Coastal flooding in the Northeastern United States due to climate change

  • Paul Kirshen
  • Chris Watson
  • Ellen Douglas
  • Allen Gontz
  • Jawon Lee
  • Yong Tian
Original Article

Abstract

With dense population and development along its coastline, the northeastern United States is, at present, highly vulnerable to coastal flooding. At five sea level stations in the United States, from Massachusetts to New Jersey, sea level rise (SLR) trends and tidal effects were removed from the hourly sea level time series and then frequency analysis was performed on the positive remaining anomalies that represent storm surge heights. Then using eustatic SLR estimates for lower and higher greenhouse gas emissions scenarios and assumed trends in local sea level rise, new recurrence intervals were determined for future storm surges. Under the higher emissions scenario, by 2050, the elevation of the 2005 100-year event may be equaled or exceeded at least every 30 years at all sites. In more exposed US cities such as Boston, Massachusetts and Atlantic City, New Jersey, this could occur at the considerably higher frequency of every 8 years or less. Under the lower emissions scenario, by 2050, the elevation of the 2005 100-year event may be equaled or exceeded at least every 70 years at all sites. In Boston and Atlantic City, this could occur every 30 years or less.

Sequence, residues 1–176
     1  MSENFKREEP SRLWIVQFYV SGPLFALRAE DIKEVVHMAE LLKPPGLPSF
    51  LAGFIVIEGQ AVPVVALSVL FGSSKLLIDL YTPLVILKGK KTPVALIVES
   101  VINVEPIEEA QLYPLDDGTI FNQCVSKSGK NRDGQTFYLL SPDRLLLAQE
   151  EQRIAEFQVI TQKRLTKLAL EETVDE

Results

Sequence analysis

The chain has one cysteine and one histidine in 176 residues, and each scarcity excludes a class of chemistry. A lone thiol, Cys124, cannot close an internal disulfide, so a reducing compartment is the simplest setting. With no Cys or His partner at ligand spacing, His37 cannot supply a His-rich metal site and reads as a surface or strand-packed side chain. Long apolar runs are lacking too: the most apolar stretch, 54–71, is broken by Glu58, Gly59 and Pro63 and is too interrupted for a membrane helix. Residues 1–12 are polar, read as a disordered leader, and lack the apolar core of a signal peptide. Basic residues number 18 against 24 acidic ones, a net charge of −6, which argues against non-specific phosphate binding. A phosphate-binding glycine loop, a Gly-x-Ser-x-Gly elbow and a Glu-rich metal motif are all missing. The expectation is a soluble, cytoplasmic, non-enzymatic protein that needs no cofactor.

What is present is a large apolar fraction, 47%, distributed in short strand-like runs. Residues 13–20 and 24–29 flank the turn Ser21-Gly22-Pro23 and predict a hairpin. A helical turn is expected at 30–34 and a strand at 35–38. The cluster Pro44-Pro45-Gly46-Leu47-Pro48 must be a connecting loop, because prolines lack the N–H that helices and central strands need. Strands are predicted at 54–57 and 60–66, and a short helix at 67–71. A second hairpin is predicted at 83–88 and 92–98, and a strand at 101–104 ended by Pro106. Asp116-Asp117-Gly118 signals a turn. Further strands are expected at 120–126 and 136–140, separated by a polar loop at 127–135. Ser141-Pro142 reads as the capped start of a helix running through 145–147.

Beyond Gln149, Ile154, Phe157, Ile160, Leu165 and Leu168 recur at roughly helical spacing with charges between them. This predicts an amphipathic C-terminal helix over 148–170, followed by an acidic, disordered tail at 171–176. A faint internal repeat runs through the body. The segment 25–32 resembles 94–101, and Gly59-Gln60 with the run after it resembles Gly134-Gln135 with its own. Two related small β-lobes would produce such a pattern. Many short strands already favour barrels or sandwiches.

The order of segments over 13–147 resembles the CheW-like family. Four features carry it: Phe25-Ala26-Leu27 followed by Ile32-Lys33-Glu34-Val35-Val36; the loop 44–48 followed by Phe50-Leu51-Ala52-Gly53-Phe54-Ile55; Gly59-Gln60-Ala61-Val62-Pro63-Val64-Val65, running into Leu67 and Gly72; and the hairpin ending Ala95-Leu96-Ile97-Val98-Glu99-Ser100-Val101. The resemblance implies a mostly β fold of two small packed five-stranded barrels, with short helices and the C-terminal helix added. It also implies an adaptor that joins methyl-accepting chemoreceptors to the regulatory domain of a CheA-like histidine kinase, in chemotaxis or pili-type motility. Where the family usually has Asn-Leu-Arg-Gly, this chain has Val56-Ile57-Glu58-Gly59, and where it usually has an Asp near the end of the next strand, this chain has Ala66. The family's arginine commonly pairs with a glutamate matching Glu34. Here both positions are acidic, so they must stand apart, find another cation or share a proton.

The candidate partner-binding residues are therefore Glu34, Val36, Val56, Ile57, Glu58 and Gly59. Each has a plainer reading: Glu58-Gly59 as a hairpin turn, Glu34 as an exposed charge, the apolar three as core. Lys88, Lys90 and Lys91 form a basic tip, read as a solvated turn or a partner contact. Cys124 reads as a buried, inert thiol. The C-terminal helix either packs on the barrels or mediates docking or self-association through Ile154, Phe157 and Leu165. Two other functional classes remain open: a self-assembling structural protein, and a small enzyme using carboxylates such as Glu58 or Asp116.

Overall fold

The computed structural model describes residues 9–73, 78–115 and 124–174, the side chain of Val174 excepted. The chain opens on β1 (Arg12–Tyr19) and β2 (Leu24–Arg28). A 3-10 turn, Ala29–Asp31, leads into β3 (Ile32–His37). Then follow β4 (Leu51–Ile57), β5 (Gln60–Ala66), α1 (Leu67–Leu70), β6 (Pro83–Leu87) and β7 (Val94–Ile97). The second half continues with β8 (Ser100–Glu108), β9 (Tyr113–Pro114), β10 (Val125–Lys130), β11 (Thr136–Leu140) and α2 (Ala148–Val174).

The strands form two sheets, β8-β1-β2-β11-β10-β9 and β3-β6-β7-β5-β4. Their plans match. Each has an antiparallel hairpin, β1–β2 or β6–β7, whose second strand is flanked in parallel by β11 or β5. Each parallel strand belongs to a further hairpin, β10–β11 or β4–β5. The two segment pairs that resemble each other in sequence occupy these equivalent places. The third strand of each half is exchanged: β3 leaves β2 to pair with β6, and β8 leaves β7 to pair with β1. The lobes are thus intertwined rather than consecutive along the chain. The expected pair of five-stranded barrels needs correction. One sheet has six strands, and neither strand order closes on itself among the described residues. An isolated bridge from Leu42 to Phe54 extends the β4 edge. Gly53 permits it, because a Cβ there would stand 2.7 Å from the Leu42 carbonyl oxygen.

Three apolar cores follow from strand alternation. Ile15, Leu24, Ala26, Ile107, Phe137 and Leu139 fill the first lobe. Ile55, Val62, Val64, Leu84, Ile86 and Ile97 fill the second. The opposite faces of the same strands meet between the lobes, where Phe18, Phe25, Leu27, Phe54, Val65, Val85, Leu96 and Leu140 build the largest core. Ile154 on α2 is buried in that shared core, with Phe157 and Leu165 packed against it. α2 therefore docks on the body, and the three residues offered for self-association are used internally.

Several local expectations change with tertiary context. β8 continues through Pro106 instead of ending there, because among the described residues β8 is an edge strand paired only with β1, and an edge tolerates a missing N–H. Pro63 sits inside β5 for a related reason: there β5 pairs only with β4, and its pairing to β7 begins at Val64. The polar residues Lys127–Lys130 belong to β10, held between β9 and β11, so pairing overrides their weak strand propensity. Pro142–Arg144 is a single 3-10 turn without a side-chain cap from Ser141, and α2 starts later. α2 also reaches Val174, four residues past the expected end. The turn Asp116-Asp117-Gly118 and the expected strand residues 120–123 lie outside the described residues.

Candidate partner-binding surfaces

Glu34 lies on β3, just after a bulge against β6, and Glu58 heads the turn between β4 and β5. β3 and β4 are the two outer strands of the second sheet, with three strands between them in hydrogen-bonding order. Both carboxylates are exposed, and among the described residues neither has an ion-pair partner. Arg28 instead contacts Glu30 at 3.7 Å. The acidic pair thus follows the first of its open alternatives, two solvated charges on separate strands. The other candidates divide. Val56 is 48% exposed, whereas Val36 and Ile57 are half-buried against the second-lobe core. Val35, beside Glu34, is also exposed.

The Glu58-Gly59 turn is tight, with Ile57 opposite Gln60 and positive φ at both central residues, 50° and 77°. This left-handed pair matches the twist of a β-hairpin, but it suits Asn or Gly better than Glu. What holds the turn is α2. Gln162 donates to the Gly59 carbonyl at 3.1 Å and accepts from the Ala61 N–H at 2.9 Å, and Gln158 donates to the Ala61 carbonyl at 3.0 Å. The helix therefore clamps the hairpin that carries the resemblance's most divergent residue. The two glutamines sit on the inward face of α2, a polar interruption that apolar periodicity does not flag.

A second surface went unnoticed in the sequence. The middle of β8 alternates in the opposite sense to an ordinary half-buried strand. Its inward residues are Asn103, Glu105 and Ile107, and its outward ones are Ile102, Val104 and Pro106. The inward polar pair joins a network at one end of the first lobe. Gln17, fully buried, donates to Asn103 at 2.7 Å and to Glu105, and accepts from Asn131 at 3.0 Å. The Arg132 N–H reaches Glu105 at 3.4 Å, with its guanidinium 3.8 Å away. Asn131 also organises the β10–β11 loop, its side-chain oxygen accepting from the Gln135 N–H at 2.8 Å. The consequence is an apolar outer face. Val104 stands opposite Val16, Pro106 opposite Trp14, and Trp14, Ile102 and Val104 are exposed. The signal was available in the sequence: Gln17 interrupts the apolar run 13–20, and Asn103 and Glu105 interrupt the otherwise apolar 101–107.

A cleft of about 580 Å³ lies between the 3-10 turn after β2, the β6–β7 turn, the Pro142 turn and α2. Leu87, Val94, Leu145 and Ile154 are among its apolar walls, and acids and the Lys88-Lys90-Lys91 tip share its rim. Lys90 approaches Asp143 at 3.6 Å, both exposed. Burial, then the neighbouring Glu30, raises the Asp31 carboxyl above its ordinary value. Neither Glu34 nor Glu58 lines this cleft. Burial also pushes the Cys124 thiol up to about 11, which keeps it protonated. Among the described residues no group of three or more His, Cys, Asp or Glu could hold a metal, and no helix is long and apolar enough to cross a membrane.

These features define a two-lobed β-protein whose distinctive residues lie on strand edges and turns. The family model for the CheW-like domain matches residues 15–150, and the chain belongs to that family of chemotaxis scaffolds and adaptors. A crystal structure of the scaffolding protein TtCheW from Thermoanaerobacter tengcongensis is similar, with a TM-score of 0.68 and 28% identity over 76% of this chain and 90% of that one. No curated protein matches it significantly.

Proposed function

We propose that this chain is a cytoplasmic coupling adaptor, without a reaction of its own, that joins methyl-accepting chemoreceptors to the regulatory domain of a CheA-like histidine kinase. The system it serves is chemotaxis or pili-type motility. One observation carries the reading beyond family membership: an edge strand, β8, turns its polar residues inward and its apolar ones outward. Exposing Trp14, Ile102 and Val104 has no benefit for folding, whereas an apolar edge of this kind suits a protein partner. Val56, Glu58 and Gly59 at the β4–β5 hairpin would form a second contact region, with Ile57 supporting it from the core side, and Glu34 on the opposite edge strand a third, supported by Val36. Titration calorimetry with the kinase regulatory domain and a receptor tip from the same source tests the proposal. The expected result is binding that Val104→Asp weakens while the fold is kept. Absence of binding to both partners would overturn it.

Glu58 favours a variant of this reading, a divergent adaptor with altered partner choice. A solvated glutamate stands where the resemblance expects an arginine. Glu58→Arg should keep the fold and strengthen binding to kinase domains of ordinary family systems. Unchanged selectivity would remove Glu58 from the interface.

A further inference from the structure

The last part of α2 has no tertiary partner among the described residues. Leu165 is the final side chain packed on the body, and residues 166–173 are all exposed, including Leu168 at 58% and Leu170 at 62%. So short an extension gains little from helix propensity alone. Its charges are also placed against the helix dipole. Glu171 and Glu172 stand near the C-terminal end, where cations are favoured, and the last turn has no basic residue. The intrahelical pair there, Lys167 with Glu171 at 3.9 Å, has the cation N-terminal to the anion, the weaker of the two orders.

Keywords

Climate change Sea level rise Storm surge Coastal flooding Recurrence of severe coastal flooding events United States Greenhouse gas emissions Massachusetts Connecticut New York New Jersey 

Notes

Acknowledgements

The authors appreciate the support of the other participants in the Northeast Climate Impacts Assessment (NECIA) sponsored by the Union of Concerned Scientists. We are particularly grateful to Katharine Hayhoe for providing the SLR scenarios and the NECIA Synthesis Team and the article reviewers for their comments. Richard Vogel provided useful statistical insights. We are also grateful to Elisabeth Militz and Rita Koros who acquired the sea level data. Cameron Wake and Susi Moser provided leadership in assembling this article.

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Copyright information

© Springer Science+Business Media B.V. 2007

Authors and Affiliations

  • Paul Kirshen
    • 1
  • Chris Watson
    • 2
  • Ellen Douglas
    • 2
  • Allen Gontz
    • 2
  • Jawon Lee
    • 2
  • Yong Tian
    • 2
  1. 1.Civil and Environmental Engineering Department and Water: Systems, Science, and Society Research and Graduate Education ProgramTufts UniversityMedfordUSA
  2. 2.Environmental, Earth and Ocean Sciences DepartmentUniversity of MassachusettsBostonUSA

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